Who to believe on Nama’s future – Donohoe or Daly?
Cantillon: Minister says Nama will be gone by 2020, chairman says the work will go on
Photograph: Cyril Byrne
Minister for Finance Paschal Donohoe and Nama chairman Frank Daly seemed to be saying different things about the State assets agency’s future on Wednesday.
Donohoe was clear that he saw no need for Nama to carry on beyond 2020. Daly, on the other hand, emphasised that the agency still had significant properties, such as the Irish Glass Bottle site in Ringsend, Dublin, that needed to be worked out over time, years in fact. “We will not get the best return by selling these assets in the short term,” he warned.
Launching Nama’s 2016 annual report 12 months ago, Daly highlighted that the Ringsend site would require the organisation to keep going beyond 2020. He did not stray too far from this on Wednesday.
Donohoe agreed that valuable Nama sites required careful decisions. Nevertheless, he suggested that the State could hold on to some of Nama’s expertise in managing those assets by moving it to House Building Finance Ireland, the body he proposed setting up in the budget.
This could mean that Nama morphs into a dedicated house-building financier, something it is already doing. However, Donohoe seemed to favour taking staff from one and moving them to the other.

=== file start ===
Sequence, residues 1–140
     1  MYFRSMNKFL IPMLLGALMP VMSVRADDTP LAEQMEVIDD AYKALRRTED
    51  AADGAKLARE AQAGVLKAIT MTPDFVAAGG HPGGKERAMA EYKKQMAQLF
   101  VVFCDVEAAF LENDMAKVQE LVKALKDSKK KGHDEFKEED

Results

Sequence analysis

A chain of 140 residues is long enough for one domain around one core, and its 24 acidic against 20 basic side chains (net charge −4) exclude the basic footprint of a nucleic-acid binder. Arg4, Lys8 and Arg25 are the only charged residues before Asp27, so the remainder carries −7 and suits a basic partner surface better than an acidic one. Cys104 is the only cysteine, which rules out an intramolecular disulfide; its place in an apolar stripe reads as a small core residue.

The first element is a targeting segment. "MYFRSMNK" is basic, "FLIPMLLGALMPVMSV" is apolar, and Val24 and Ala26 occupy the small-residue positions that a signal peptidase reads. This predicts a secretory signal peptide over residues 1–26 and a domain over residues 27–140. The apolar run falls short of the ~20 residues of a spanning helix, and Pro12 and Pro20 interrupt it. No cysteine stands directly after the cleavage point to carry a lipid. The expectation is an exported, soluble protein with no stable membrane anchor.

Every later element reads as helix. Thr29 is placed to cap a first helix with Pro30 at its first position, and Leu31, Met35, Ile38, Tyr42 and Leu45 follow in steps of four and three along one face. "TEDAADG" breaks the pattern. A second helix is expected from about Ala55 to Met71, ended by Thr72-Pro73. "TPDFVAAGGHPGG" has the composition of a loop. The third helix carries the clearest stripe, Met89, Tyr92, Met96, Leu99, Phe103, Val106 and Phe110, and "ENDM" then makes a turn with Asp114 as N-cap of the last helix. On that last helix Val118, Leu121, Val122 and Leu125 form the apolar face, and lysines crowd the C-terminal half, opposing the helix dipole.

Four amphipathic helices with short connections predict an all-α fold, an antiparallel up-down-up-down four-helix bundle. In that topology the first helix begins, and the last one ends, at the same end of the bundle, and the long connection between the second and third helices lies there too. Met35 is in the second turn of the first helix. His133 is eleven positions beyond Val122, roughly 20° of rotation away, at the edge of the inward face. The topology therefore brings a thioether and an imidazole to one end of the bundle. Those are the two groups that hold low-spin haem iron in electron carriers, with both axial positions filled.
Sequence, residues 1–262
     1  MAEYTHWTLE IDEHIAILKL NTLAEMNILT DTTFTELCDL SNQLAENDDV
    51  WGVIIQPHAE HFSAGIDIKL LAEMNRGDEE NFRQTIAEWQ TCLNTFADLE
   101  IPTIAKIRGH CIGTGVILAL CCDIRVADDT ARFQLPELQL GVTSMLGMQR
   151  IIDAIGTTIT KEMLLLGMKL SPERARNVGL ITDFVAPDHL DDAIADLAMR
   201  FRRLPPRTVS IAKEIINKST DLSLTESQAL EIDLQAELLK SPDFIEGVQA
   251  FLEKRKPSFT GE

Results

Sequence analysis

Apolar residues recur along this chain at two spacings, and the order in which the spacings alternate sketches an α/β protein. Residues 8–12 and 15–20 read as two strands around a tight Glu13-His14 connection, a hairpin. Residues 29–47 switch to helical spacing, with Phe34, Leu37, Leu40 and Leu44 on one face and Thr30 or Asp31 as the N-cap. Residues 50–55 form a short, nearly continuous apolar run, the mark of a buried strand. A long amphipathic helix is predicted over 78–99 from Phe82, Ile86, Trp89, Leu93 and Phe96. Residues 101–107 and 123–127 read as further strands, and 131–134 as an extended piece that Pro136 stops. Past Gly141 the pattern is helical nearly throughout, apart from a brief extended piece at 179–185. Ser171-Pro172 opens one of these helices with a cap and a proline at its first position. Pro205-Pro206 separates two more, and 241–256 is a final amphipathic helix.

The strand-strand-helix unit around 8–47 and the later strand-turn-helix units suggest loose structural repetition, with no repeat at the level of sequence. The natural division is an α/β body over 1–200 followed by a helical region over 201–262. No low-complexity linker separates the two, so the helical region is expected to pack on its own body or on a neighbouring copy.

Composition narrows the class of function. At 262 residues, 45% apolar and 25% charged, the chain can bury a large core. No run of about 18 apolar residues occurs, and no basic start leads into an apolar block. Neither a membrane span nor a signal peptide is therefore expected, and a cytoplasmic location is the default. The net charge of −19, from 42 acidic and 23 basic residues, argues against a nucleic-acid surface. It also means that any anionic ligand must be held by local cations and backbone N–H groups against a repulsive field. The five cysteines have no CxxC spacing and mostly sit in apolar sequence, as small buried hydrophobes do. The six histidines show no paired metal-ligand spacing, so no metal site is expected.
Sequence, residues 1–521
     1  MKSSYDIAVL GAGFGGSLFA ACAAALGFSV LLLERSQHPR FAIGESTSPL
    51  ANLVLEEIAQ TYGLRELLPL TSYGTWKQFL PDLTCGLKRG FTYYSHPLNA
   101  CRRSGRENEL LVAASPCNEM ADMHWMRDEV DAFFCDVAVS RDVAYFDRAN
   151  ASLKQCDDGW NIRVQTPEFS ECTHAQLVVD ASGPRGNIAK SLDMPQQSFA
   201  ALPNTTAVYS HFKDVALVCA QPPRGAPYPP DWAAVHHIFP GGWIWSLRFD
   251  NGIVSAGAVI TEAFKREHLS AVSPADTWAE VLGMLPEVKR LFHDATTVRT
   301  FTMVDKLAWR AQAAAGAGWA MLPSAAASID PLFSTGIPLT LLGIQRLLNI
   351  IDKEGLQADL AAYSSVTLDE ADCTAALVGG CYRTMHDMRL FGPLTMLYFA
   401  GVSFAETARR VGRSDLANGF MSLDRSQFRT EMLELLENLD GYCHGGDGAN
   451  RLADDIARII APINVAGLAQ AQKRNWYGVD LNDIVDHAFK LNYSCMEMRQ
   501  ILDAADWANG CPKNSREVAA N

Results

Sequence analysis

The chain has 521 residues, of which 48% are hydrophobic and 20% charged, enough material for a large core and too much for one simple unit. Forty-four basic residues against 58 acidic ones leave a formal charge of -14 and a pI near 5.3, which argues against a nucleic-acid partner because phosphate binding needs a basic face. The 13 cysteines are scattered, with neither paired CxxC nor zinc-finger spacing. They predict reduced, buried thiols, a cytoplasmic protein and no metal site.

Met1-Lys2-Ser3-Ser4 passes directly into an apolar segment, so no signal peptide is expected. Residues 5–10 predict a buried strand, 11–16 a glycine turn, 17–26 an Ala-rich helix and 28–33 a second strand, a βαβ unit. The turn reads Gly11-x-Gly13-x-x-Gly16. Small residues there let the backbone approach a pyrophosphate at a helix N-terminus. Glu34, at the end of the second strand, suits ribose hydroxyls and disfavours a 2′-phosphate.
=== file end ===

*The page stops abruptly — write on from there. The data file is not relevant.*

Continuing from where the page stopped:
The Minister highlighted Nama’s very real success on Wednesday. What it has done would have been thought impossible when it started eight years ago. So, it seems logical for the agency to beef up its residential activities as it winds the others down.
Nevertheless, Donohoe and his Cabinet colleagues may feel that Nama’s work is almost done. They might also fear fallout from investigations into the agency’s sale of its Northern Ireland loans in 2014. Even suggesting that it will be wound up means they can distance themselves from this.
Whatever the reason, while Donohoe praised Nama yesterday, he also seemed willing to bury it.